Studying innovation systems and dynamics using an empirical approach is challenging, as innovation comprises both tangible and intangible outputs

(e.g., new technologies, machines, products, patents but also ideas, process innovation, managerial, and organizational innovation). Following a large empirical innovation economics literature, we study the more tangible and measurable aspects of the innovation process. While these constitute only a part of the innovation output relevant for the energy system and sector, they nonetheless provide important insights that can complement those from qualitative and bottom-up case studies focusing on more intangible and less measureable aspects such as organizational innovation.

Here we focus on R&D expenditures and patent counts.[1] The former informs on the inputs of the innovation process, while the latter is a proxy of innovation outputs. Both indicators suffer from some specific shortcomings. R&D investments provide insights on innovation effort but not on innovation quality. Conversely, patent statistics provide a partial measure as not all innovations are patented, even though they can be weighted using information on several indicators to control for quality (for instance, claims or citations, see Griliches 1990). Furthermore, patents may increase due to changes in patent law or strategic reasons to signal in which companies to invest in, regardless of innovative activity (Mazzucato 2013).

In the case of energy innovation, matters are further complicated by the fact that it is unclear how clean innovation or even energy innovation are defined (Gallagher etal. 2011). A number of studies focus specifically on the energy supply sector (Salies 2010; Sterlacchini, 2012; Costa-Campi etal. 2014) but energy-saving R&D and innovation are pervasive. Energy is an input for nearly all sectors of the economy and the way in which energy is produced, transformed, and distributed depends on innovative activities well beyond those of the energy supply sector itself. All R&D expenditures are inputs into complex processes that ultimately lead to innovations that may or may not be clean. In order to proxy for industrial R&D investments in energy, we rely on the Analytical Business Enterprise Research and Development (ANBERD) database (OECD 2016), which provides information on the R&D expenditures at the sectoral level for 30 countries for the years 1990-2013.[2] We define energy R&D investments in two ways. First, we focus on R&D spending in the ‘Electricity, water and gas distribution industry’, which represents the downstream sector for energy production (power R&D). Second, we define energy investments as a combination of R&D expenditures from ‘Electricity, water and gas distribution industry’ and ‘Mining’, which capture the combined R&D effort in the upstream and downstream energy supply sector (energy R&D).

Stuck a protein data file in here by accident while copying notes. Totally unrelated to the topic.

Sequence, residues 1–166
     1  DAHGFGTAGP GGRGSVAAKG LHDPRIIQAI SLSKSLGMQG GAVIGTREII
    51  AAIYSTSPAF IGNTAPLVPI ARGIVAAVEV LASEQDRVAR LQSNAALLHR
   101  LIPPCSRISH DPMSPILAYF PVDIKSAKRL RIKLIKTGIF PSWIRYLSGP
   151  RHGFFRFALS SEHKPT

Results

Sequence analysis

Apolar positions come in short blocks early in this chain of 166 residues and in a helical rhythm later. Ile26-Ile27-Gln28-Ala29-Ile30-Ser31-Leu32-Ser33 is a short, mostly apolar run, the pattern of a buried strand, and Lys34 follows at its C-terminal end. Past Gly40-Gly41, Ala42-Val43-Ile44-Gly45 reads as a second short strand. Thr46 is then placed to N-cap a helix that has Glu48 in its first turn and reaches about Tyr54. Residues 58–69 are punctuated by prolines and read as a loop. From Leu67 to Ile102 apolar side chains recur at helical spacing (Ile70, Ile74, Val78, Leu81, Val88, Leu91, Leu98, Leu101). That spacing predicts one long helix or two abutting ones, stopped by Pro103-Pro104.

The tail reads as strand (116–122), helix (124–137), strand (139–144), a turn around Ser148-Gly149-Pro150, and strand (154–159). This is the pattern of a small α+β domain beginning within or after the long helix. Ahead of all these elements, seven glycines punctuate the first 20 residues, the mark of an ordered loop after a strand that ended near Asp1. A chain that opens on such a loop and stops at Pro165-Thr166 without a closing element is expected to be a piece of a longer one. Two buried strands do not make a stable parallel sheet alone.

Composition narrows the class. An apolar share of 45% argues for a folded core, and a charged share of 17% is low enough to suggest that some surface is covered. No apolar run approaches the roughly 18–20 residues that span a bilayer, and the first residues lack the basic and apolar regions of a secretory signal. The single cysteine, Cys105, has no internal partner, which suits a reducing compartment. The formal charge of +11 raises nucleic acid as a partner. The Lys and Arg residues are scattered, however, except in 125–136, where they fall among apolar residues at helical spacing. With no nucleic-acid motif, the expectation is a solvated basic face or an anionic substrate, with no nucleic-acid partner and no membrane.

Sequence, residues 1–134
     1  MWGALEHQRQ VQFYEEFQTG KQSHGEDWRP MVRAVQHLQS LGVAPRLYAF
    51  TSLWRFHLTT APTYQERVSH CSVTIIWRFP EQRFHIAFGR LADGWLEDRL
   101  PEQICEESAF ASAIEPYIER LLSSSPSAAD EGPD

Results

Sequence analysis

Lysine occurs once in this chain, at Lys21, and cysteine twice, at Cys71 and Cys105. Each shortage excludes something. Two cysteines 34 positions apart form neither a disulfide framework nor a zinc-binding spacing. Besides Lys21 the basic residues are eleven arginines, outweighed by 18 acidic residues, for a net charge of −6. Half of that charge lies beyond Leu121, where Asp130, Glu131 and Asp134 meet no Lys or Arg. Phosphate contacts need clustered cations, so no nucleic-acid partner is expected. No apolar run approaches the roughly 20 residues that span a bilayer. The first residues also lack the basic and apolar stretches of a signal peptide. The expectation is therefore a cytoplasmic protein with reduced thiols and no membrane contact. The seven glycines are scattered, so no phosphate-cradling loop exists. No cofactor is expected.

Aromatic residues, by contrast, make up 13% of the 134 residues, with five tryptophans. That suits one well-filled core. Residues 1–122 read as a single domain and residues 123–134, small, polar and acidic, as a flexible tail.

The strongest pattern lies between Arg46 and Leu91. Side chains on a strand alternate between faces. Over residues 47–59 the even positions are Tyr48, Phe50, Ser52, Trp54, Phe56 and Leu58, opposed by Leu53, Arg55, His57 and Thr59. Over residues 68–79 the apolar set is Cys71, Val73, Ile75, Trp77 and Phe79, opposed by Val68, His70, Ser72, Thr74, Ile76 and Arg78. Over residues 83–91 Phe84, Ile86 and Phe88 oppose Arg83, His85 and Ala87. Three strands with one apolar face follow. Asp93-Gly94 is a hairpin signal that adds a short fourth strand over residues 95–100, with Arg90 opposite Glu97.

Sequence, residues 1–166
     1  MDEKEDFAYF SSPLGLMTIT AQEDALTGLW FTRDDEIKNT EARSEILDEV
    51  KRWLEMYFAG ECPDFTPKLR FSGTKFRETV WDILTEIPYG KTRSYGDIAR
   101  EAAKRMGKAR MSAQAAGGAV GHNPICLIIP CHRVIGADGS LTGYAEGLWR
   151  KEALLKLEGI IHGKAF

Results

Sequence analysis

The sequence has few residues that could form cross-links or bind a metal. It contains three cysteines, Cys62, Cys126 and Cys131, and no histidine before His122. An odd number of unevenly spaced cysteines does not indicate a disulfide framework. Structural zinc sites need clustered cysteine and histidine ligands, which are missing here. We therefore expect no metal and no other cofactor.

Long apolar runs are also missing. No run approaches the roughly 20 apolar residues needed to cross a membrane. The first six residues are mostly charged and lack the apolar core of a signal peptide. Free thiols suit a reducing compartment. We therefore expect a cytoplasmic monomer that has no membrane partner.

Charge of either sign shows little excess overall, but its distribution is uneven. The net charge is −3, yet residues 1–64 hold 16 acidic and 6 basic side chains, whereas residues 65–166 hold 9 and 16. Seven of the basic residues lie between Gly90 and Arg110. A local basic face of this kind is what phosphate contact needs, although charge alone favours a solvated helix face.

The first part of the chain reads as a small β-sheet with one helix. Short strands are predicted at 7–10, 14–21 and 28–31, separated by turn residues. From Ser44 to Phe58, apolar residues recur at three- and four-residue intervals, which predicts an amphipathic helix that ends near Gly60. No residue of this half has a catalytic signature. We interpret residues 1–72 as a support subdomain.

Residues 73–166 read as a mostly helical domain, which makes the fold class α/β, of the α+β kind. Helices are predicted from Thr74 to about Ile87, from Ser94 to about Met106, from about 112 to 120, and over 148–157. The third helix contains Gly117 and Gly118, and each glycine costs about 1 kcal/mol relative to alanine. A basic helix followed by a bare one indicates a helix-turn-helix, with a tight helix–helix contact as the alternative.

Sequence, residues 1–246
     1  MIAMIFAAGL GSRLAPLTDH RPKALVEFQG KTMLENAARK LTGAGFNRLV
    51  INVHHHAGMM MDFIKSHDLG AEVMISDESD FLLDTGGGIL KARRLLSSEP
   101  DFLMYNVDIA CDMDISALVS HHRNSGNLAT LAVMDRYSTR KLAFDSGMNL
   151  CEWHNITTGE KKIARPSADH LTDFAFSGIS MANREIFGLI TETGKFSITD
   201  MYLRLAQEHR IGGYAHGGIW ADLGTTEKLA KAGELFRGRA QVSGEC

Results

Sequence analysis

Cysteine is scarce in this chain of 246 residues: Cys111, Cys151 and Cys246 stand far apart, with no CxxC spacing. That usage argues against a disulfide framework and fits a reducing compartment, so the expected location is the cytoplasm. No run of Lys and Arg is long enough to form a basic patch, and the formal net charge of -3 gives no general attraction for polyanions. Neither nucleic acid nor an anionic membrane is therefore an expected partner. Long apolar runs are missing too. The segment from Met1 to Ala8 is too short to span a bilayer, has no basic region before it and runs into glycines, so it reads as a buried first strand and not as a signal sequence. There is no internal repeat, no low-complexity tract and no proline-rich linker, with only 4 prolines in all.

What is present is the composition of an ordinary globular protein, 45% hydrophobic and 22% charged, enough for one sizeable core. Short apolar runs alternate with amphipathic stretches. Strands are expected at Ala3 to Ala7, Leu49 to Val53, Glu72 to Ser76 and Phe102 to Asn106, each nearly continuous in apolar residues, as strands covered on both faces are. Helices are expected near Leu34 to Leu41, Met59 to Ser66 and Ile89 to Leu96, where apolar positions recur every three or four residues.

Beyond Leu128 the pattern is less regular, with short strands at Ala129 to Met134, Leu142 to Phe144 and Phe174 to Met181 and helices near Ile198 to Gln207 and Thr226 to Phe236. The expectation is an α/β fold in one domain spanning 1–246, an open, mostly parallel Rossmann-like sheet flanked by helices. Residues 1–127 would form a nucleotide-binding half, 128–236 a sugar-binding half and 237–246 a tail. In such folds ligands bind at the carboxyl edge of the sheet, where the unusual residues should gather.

These measures arguably represent a lower-bound estimate of energy- related innovation (Upstill and Hall 2006), as they only include the R&D directly performed by the energy supply sectors. Indeed, non-energy sectors indirectly contribute to energy-related innovation. For instance, improvements in the manufacturing of chemicals and chemical products, and in computer and electronics, contribute to the development of energy system technologies, such as solar power or smart grids. These are ‘embedded’ in the capital that is supplied to the energy supply sector. The sum of the direct and ‘embedded’ R&D can be considered an estimate of the upper bound of industrial energy-related R&D in a given country. Input-output data can be used to provide an estimate of energy-related R&D expenditures including the research performed in other economic sectors that are embedded in the capital purchased by the electricity and the mining sectors. Dasgupta, De Cian, and Verdolini (2016) provide a detailed description and application of this method.